So here’s how I put $3,380 back into my pocket this year and forever with minimal work.
Let’s talk about ‘bills’ for a second. I’m talking about those pesky periodic bills. Yes, everyone has them. Some bills are necessary and to some degree inevitable and an unavoidable part of life (i.e. utility, taxes, insurance, etc.). On the other hand, we all have those often unnecessary bills that siphon away our hard earned cash like clock-work, often paid automatically and forgotten.
In the past, I didn’t mind paying for certain creature-features that I perceived to bring me comfort: like cable, cell phone, internet, car, dining, memberships to this or that, you name it. I worked hard so I wanted to enjoy it. Comfort, however, comes at a price in the form of a monthly bill.
Shortly after the time I nearly inflated my lifestyle, I took a good hard look at my monthly spending. I reviewed every bill I paid to see where I can reduce or eliminate. I knew that if I want financial independence I had to shift my priorities. I had to reduce my level of consumption. It was simple math. I’ll reduce my consumption, free up cash, and then increase my savings rate to get me closer to my goals (savings rate calculator).
So I took a hard look at all my recurring bills. I used a spreadsheet to see it all in one place with the monthly and yearly amount (see below). One by one, I decided on which bill was a necessity and which not, which to reduce and which to completely eliminate forever.
How I made $1,126/hr
After a few hours of work, in total, I’m now saving $3,380 a year, forever. That’s $281.67 a month, extra, that goes back into my pocket to save.
Another way I like to think about it: All said and done, I probably spent about three hours total. So, you could say I made $1,126.67 an hour in just year one. Because every year after that, I don’t have to lift another finger and it’s like I’m getting a royalty check for $3,380 with interest, in perpetuity. Sounds good to me!!
Questions to Ask Yourself
Truthfully, it isn’t that hard. Just make the decision to do it. The hard part is being honest with yourself (and/or spouse), but the questions are simple:
- Is this something I really need or want? (how to identify need vs want)
- What if I try to eliminate this bill for 6-12 months and live without it as a trial run?
- How much money would I save every month, year, 5-years? or In perpetuity?
- Is this service or product really worth the money I’m paying for it?
- How could I substitute it and pay less?
- Are there any competitors who might offer similar services/products for less?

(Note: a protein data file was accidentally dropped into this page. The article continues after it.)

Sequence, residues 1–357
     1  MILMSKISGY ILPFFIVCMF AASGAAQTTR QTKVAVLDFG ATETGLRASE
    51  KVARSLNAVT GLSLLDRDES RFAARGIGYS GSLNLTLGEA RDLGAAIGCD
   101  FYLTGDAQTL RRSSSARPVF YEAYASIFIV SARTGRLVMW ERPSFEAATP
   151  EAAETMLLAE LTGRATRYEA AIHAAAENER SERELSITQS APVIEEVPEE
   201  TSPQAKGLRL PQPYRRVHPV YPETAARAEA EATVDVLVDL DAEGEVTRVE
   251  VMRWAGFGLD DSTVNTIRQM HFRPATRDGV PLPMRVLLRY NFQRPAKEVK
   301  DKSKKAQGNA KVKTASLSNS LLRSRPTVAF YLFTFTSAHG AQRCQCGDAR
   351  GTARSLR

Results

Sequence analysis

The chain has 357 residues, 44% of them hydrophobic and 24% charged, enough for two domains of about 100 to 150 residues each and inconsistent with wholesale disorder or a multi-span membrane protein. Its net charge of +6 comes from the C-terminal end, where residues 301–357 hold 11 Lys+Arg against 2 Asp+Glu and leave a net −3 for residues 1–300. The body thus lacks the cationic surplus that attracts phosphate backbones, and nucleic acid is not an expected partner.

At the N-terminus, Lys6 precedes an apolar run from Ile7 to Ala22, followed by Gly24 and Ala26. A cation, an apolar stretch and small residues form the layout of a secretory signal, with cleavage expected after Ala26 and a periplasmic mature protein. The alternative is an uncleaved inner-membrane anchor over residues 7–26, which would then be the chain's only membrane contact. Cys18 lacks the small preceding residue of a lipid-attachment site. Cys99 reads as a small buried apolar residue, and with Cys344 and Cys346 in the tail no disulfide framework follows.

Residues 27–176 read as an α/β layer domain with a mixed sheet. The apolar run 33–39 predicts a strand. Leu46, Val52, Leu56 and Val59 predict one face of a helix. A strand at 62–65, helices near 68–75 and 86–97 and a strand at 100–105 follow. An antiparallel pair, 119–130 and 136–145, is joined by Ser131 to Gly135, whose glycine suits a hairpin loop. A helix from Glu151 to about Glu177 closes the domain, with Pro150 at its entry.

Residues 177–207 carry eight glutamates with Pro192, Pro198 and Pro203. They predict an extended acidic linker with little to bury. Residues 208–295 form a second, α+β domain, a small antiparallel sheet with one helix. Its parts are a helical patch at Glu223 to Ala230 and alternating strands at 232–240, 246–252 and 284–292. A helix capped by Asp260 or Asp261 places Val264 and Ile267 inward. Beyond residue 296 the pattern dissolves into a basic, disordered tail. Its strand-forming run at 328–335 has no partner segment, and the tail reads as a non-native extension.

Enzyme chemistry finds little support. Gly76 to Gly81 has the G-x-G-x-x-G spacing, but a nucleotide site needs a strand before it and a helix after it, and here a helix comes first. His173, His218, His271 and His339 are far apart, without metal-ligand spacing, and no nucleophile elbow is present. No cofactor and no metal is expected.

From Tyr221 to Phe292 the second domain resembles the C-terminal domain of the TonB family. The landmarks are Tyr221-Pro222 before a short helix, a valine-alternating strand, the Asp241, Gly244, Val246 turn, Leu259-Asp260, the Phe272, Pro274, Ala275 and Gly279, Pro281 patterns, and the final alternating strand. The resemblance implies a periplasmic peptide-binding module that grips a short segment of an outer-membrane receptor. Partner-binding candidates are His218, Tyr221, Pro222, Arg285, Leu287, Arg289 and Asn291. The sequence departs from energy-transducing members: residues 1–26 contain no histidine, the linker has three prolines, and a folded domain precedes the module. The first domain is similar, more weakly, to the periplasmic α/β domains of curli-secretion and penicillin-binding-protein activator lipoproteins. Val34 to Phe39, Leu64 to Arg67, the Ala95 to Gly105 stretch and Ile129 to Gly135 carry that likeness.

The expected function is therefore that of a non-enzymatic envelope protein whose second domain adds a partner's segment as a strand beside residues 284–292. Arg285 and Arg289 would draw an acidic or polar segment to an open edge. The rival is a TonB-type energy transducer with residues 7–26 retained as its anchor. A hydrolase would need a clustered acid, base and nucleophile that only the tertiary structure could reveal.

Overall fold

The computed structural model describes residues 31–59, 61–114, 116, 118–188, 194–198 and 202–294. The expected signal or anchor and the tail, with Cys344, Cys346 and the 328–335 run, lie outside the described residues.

You get the picture.
So here’s how I put $3,380 back into my pocket this year and forever with minimal work. A breakdown of each expense, which one I eliminated or reduced, and the total yearly savings. It all adds up to something amazing!
Comcast Cable TV (eliminated)
I’m officially a cord-cutter. I know lots of people have done this already and with good reason. Look at the yearly total above: $1,560. That’s a lot of money.
It’s equivalent to 800 cups of Starbucks tall drip coffee at the current price. (I’ll talk about Starbucks and coffee in another blog) It’s no wonder people are cutting the cord.
Cable TV (especially Comcast/Xfinity) is such a joke. Their customer service stinks and they always over promise and under deliver. In terms of programing, you don’t get a choice of channels to subscribe so instead they force you to get and pay for 100’s of channels most never watch, for 100’s of dollars. So inflexible!
Thankfully, these days people have a way to substitute their entertainment. We have more real choices: online movie streaming services, YouTube, FREE over-the-air (OTA) local HD channels, you really don’t need cable to entertain your family.
Think about it: Netflix has amazing content for $8.99 a month—the money I saved cutting the cord can pay for nearly 174 months, or 14.5 years, of Netflix service. With the first year savings alone!
Here’s What I did to Replace Comcast Cable TV:
- Bought an OTA indoor antenna to receive local HD channels
- Bought an Xbox One game console with Kinect
- Bought Hauppauge Digital TV Tuner to connect OTA to Xbox
- Bought Inteset INT-422 Remote Control pre-programmed for Xbox
- Shared Netflix account (free)
- Amazon Prime Movies (free)
I can’t say enough about the performance of the Xbox One as an entertainment console. I run all my streaming and entertainment apps on it: Netflix, Amazon, YouTube, Music, etc. The experience is seamless. Xbox made the transition from cable super easy. With the TV tuner attached, you get free onscreen TV guide service for all OTA channels in your area. You can pause live TV, rewind/fwd live TV. You can’t record a shows yet, but I hear they’re working on it.
In my opnion, the remote control from Inteset is a must have. It’s way better than the Xbox remote. The Inteset remote is universal so you can control other devices, and it comes pre-programmed for the Xbox console.